Law Enforcement's Role in the New Sanctuary State

Lozano Smith Client News Brief
November 2017
Number 75

On October 5, 2017, California Governor Jerry Brown signed Senate Bill (SB) 54, known as the California Values Act, which sharply limits how state and local law enforcement authorities cooperate and coordinate with federal immigration officials. SB 54 seeks to protect the estimated 2.3 million undocumented immigrants in California in the face of the Trump Administration's calls for deportation.

Limits on Local Enforcement

Effective January 1, 2018, this new "sanctuary" legislation prohibits state and local law enforcement agencies from investigating, interrogating, detaining, detecting or arresting people for immigration enforcement purposes, including the following:

  • Asking about a person's immigration status;

  • Detaining someone on a "hold" request from United States Immigration and Customs Enforcement (ICE);

  • Participating in arrests based on civil immigration warrants;

  • Placing officers under the supervision of federal immigration agencies or deputizing them as special federal officers for immigration purposes;

  • Using ICE agents as interpreters for law enforcement purposes; and

  • Participating in border patrol, including warrantless searches.

With some exceptions, SB 54 also prohibits state and local law enforcement agencies from doing the following:

  • Providing information regarding an inmate's release date from county jail unless that information is available to the public, or the person has been convicted of certain crimes;

  • Transferring someone to ICE, unless a judge finds probable cause, issues a warrant, or the person has certain prior convictions, including serious or violent felonies, felonies punishable by imprisonment in the state prison, and other specified crimes if convicted within the last five years for a misdemeanor punishable as either a misdemeanor or felony or if convicted in the last fifteen years for a felony; and

  • Contracting with the federal government to house federal detainees, unless specified in current law.

Key Amendments Included in Final Version of SB 54

Partly in response to opposition from some law enforcement agencies, several amendments were included in the final version of SB 54. The amendments include:

  • An expanded list of crimes, totaling approximately 800 offenses, under which law enforcement has the discretion to notify and transfer a person to immigration authorities. Law enforcement agencies will be required to report the number of transfers and type of offenses for which transfers occur to the state Attorney General.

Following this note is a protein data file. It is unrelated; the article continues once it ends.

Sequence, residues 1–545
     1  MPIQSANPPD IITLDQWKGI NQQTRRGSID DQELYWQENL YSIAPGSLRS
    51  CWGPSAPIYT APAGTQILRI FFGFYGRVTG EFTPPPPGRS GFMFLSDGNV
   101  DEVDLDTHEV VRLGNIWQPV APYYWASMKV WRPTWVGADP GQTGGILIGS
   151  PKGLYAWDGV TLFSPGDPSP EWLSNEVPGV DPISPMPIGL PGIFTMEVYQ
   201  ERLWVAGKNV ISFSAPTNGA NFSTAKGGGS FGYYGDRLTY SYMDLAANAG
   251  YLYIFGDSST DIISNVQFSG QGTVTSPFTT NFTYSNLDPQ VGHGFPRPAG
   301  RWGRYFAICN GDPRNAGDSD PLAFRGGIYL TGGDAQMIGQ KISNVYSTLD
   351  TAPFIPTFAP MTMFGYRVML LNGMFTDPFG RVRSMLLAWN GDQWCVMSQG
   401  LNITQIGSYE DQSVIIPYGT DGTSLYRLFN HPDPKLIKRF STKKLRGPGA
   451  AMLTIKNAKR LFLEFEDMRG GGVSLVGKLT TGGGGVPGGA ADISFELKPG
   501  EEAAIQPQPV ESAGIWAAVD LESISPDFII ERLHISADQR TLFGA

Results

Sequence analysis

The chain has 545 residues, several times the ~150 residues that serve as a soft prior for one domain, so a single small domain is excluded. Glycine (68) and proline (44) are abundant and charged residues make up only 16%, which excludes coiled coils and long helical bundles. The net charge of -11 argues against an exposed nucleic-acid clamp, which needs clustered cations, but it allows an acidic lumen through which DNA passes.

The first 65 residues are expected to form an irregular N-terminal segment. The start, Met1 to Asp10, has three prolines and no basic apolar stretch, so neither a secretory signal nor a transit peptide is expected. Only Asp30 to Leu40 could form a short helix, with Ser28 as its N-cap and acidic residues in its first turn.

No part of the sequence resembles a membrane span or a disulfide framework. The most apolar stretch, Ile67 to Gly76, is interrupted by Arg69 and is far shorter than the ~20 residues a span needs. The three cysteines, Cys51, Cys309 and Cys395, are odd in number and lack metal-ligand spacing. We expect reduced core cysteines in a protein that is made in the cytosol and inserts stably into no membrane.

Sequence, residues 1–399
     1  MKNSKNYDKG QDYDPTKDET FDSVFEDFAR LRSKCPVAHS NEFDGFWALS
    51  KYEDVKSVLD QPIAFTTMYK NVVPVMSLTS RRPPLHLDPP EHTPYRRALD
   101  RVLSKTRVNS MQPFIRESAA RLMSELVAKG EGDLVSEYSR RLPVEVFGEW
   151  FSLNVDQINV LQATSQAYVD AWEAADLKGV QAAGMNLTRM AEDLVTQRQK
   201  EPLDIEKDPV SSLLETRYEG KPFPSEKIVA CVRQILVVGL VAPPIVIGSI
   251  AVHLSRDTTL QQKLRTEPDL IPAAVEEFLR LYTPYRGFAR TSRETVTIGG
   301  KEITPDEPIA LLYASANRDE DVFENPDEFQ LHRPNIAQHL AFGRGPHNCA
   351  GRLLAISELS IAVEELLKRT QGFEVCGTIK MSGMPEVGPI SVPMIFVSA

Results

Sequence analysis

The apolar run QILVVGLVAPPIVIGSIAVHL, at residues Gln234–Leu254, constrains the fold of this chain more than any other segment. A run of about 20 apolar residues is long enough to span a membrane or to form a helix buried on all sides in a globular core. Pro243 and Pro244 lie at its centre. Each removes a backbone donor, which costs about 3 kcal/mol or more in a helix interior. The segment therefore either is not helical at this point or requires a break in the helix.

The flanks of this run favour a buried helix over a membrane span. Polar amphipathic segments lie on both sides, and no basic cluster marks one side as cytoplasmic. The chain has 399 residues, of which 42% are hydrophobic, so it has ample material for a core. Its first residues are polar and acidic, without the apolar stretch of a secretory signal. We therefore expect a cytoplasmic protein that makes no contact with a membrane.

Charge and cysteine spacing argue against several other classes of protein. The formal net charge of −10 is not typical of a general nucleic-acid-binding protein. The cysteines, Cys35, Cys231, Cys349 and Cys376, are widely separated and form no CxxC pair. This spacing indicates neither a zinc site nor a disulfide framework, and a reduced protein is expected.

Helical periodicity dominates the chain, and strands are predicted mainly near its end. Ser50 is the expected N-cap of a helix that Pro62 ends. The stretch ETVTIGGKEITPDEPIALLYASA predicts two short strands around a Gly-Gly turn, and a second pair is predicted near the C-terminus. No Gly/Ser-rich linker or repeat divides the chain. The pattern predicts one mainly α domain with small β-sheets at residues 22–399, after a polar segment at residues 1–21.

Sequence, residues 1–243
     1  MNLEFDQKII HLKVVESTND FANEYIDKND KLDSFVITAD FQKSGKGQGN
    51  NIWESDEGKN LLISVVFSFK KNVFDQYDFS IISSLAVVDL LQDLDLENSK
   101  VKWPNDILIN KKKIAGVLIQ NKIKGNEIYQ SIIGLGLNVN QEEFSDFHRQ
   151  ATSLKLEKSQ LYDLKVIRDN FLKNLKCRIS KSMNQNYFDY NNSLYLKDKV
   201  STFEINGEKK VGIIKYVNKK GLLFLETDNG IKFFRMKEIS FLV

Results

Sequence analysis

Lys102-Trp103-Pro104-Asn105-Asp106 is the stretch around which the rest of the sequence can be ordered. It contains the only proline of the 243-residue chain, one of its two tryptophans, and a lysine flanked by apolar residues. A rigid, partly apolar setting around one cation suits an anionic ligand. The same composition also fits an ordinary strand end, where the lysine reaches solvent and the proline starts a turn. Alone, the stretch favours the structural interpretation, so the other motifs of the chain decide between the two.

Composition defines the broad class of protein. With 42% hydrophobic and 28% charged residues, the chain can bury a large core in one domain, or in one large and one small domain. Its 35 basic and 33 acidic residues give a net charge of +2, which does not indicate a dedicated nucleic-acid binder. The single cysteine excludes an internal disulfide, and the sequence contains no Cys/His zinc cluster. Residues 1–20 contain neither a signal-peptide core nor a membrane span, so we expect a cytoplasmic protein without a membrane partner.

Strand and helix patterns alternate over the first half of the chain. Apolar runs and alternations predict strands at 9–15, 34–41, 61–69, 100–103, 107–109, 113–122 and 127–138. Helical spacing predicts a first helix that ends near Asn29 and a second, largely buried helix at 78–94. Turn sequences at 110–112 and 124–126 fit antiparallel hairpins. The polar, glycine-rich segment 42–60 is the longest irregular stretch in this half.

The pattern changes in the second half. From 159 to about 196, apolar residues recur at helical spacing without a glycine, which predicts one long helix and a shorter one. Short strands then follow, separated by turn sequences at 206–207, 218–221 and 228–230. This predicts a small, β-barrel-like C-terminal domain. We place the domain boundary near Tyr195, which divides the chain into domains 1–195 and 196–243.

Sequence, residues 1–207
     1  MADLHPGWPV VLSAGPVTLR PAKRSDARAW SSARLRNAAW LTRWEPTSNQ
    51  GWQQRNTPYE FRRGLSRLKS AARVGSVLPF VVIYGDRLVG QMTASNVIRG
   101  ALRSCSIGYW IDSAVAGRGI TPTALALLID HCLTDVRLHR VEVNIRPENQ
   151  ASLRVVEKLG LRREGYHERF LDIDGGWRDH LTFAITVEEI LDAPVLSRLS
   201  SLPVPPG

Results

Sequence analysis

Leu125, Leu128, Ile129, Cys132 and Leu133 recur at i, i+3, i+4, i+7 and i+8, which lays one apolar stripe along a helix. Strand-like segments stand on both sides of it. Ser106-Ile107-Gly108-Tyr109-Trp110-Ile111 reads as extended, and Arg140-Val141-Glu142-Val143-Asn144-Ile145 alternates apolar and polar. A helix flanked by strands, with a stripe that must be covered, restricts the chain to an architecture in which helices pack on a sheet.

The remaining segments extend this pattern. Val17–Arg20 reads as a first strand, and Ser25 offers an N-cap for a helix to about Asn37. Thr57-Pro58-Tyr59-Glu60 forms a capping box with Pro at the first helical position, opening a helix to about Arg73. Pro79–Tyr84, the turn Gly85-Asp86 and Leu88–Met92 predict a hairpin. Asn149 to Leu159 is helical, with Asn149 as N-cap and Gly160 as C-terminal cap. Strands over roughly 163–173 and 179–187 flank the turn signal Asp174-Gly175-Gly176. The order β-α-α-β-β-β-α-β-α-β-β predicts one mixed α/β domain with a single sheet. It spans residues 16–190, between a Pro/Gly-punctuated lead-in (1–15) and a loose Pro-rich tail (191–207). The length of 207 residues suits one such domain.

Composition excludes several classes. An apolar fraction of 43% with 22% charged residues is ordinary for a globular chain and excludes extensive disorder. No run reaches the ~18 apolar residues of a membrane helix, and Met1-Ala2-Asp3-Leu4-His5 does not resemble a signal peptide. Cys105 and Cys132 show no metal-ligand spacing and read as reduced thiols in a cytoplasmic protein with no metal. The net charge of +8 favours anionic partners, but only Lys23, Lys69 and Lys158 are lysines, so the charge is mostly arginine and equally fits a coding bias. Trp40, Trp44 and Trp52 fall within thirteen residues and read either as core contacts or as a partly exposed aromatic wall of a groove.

• An exemption for the California Department of Corrections and Rehabilitation (CDCR) from the provisions of the bill. However, the bill requires the CDCR to provide immigrant inmates with increased protections, many of which are already required for local law enforcement by the TRUST Act (AB 4), which was one of several immigration-related bills signed by Governor Brown in 2013.

  • Permission for immigration authorities to interview individuals in custody, but also, a prohibition on giving immigration authorities permanent office space in jails.

  • Deletion of a prohibition on access to databases for immigration enforcement purposes. However, the bill requires the Attorney General to develop guidance, audit criteria and training recommendations on limiting access to information for the purposes of immigration enforcement.

  • Technical changes to joint task force language to ensure law enforcement can continue to partner with federal agencies in the interest of public safety.

SB 54 also has implications for schools. (See 2017 Client News Brief 64.)


SB 54's adoption further complicates the political conflict over "sanctuary" policies and could impact federal funding to local law enforcement agencies. For example, the bill prohibits new or expanded contracts with federal agencies for use of California jail facilities as detention centers, although it does not force the termination of existing contracts. Additionally, SB 54 delineates what local law enforcement conduct is permitted and what conduct is prohibited in working with federal agencies. Therefore, it's important for local law enforcement to understand and assess the scope of any potential cooperation with federal agencies prior to involvement.

For more information on SB 54 or on immigration enforcement and local agencies' role in it, please contact the authors of this Client News Brief or an attorney at one of our eight offices located statewide. You can also visit our website, follow us on Facebook or Twitter or download our Client News Brief App.

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As the information contained herein is necessarily general, its application to a particular set of facts and circumstances may vary. For this reason, this News Brief does not constitute legal advice. We recommend that you consult with your counsel prior to acting on the information contained herein.